Health ministers oppose change to abortion advice
Published 03 September 2011
MPs have been told that health ministers are against a proposed change to the advice given to women considering an abortion.
The amendment to the Health and Social Care Bill put forward by Conservative MP Nadine Dorries proposes that abortion providers such as Marie Stopes should not give out advice to pregnant women considering a termination.
Dorries argues that organisations that carry out abortions may have a vested financial interest in the procedure being carried out.
The Bill is set to be debated in the House of Commons, although it is not clear whether the amendment will also be debated.
The proposed changes have received the support of many Christians, including the Christian Medical Fellowship (CMF) and advocacy group Christian Concern.
CMF said in a posting on its website: “Many people assume that women considering abortion have access to independent information and advice. In fact there is no legal guarantee that they do.
“Where counselling is available, it is often given by the very same private providers that carry out abortions and gain financially from them!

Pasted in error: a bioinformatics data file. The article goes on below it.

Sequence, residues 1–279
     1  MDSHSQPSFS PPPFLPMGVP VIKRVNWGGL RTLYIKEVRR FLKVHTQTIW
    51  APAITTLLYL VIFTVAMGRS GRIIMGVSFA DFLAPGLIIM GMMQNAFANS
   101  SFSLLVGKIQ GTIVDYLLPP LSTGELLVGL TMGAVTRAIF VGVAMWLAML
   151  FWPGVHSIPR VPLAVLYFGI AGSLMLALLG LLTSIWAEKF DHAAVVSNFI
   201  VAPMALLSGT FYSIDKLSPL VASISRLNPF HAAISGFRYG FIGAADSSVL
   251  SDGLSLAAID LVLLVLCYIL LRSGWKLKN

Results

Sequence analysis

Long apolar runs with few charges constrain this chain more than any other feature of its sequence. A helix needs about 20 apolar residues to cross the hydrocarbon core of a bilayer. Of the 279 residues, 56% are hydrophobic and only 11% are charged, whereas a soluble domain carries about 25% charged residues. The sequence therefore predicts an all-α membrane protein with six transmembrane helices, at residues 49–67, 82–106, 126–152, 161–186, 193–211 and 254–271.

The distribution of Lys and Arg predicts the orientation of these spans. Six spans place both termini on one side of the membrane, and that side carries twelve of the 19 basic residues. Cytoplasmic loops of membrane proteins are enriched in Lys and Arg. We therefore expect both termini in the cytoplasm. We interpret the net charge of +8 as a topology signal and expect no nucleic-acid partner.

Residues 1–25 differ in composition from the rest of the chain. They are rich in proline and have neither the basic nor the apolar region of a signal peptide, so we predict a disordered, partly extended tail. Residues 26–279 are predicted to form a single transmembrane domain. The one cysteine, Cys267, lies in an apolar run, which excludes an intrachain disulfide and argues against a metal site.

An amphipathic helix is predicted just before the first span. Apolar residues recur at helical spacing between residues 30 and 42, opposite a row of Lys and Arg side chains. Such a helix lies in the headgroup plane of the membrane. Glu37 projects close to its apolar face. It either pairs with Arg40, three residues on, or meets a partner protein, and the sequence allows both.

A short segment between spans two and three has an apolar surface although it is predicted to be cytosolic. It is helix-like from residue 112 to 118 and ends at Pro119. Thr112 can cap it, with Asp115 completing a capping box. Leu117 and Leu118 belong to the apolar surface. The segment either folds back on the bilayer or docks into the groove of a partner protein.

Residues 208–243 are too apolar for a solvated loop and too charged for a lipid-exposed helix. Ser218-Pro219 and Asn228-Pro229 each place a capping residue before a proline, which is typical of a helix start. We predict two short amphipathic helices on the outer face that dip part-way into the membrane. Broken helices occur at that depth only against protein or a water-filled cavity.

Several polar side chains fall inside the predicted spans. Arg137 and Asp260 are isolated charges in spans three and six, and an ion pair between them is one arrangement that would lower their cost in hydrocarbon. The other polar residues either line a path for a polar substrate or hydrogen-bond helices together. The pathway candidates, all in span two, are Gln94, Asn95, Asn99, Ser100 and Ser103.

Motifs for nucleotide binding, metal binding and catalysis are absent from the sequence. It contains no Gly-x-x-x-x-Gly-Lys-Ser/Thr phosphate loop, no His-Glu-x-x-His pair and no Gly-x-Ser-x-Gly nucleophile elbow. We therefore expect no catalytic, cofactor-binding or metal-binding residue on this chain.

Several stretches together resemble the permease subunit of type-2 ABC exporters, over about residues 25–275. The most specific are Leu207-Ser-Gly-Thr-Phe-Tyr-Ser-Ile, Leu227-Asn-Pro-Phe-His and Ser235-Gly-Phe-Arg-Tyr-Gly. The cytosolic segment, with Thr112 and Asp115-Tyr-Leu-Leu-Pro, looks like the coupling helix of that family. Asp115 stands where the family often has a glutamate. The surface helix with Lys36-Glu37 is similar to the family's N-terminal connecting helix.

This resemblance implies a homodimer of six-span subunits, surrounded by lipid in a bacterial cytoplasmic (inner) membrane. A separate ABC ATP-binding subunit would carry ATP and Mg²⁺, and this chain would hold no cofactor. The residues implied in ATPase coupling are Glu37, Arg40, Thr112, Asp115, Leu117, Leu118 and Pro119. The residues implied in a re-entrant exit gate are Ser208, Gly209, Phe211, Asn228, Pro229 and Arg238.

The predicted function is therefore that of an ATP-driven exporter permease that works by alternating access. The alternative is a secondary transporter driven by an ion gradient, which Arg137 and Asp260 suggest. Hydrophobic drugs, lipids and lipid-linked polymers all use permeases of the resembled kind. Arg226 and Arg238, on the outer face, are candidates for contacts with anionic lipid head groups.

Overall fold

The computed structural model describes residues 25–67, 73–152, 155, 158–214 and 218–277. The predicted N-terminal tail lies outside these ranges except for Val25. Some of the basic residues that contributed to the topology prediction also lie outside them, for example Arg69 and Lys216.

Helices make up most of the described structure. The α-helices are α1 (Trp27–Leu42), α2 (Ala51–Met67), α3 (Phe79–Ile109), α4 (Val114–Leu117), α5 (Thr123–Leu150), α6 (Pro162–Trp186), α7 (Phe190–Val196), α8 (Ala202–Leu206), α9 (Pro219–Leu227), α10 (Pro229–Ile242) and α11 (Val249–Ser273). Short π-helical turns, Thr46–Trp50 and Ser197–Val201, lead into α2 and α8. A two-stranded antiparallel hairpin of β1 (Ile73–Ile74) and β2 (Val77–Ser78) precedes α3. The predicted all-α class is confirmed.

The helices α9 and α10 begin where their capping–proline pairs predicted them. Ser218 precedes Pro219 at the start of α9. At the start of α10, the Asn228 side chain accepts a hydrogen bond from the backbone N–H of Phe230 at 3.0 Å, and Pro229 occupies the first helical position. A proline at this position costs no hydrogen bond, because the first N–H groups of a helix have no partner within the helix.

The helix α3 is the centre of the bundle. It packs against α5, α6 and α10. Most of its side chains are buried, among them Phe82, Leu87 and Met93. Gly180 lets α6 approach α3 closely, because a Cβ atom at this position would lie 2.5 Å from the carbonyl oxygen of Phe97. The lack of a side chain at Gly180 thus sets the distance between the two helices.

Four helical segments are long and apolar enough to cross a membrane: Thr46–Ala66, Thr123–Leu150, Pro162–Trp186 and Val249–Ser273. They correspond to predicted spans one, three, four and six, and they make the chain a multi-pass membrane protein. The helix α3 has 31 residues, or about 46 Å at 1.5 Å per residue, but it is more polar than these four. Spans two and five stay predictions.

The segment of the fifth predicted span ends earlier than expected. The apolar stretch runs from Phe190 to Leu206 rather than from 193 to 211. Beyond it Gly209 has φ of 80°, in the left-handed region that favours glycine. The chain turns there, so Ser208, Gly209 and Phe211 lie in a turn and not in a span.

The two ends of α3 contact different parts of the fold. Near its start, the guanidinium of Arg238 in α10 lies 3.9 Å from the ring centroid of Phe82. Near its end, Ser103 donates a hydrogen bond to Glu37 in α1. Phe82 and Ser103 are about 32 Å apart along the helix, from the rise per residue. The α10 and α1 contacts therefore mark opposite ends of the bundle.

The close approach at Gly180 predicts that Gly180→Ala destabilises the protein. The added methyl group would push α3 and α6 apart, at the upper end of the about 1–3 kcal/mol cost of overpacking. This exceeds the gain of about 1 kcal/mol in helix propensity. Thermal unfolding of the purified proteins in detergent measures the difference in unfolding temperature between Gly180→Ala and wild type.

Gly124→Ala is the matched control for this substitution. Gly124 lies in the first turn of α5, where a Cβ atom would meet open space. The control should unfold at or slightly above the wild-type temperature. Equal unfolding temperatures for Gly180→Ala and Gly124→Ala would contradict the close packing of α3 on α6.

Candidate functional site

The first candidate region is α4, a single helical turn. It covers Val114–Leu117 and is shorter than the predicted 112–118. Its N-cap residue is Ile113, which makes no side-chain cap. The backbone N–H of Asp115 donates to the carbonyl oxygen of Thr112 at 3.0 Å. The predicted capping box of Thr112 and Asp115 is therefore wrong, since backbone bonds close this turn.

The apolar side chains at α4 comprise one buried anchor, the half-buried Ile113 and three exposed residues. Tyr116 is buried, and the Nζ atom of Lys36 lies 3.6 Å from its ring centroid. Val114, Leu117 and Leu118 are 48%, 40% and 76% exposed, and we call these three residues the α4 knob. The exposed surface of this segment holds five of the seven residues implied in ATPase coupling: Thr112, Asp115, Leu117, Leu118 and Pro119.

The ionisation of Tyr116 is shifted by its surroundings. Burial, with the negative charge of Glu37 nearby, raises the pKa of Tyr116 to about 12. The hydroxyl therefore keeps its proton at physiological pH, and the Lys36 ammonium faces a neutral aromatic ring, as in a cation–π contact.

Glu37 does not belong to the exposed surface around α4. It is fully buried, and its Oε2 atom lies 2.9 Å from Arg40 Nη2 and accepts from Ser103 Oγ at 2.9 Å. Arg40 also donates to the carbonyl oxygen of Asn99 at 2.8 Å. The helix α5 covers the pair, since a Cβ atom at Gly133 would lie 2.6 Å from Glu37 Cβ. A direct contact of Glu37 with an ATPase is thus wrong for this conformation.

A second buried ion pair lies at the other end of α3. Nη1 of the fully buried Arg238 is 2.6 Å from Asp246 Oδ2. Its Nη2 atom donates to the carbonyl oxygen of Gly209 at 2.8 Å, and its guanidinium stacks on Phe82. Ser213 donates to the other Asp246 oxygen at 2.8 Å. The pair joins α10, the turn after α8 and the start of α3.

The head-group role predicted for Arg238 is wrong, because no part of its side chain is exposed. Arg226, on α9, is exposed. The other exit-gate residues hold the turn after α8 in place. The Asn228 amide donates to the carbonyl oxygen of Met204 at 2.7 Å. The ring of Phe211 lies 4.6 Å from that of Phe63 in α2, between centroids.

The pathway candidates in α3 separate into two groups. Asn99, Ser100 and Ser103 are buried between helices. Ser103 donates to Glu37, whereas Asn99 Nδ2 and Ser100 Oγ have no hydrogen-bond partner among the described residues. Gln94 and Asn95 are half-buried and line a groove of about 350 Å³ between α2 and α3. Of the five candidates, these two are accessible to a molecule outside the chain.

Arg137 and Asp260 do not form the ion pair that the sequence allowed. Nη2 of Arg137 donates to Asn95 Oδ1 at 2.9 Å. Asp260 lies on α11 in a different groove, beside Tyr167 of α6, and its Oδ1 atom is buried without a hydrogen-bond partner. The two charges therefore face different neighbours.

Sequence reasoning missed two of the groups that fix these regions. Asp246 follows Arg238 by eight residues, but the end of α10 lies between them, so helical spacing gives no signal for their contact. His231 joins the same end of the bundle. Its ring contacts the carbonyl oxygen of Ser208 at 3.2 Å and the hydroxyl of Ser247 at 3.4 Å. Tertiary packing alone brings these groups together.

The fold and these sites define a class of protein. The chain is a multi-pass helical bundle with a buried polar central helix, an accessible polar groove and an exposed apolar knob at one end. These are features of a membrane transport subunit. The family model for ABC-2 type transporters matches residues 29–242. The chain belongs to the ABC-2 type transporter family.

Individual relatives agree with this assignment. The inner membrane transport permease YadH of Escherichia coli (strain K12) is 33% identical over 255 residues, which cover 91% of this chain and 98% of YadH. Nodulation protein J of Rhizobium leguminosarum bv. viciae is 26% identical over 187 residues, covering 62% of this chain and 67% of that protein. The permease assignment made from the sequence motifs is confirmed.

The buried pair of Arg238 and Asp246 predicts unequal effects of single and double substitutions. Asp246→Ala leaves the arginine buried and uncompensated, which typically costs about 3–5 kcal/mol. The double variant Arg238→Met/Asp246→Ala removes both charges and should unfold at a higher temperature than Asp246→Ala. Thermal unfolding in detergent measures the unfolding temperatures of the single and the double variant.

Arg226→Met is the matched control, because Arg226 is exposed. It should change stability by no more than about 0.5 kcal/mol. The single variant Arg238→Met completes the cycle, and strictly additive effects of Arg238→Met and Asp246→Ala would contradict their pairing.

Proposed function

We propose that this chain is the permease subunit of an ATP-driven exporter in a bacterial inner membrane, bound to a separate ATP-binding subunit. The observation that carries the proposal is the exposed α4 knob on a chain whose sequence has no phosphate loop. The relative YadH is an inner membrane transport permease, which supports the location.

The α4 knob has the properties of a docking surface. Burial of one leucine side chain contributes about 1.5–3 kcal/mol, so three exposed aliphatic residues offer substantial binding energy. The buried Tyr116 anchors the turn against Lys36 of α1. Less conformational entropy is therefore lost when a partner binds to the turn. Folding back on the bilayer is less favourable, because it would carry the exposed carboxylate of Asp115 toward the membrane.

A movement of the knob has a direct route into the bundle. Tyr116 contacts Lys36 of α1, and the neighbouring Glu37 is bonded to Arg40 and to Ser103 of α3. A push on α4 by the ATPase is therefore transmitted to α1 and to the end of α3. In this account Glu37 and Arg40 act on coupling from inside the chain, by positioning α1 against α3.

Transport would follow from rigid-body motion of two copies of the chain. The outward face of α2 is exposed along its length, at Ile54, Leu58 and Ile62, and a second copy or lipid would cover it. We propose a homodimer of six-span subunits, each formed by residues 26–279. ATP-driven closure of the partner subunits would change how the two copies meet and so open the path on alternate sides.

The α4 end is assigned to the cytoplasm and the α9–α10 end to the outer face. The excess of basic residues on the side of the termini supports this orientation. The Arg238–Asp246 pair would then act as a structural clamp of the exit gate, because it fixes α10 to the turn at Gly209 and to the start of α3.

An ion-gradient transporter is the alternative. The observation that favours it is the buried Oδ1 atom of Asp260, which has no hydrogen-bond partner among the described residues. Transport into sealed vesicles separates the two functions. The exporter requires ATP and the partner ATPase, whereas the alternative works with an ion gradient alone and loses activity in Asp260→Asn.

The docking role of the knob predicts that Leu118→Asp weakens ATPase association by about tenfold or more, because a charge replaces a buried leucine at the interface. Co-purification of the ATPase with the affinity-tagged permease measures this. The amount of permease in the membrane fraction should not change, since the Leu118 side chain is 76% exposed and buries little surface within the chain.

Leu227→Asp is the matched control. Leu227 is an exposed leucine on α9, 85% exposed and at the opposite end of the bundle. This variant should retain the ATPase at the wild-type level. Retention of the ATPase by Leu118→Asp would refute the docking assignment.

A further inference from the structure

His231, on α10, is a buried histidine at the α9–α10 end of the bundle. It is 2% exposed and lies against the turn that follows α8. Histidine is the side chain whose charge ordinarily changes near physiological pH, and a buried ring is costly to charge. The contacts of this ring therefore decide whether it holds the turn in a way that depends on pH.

“Vulnerable women frequently find themselves on a conveyor belt that leads inexorably towards abortion, with little or no opportunity or time to consider other options, or to be fully informed of any of the risks associated with abortion.”
The amendment has come up against stiff opposition from the pro-choice lobby and earlier this week, Downing Street revealed that Prime Minister David Cameron was also opposed to the amendment.
Pro-choice campaigners argue that faith-based groups should not provide abortion advice to women because they may try to push their religious views onto them.
According to the BBC, the letter sent by the Department of Health to MPs says that all health ministers are against the amendment.
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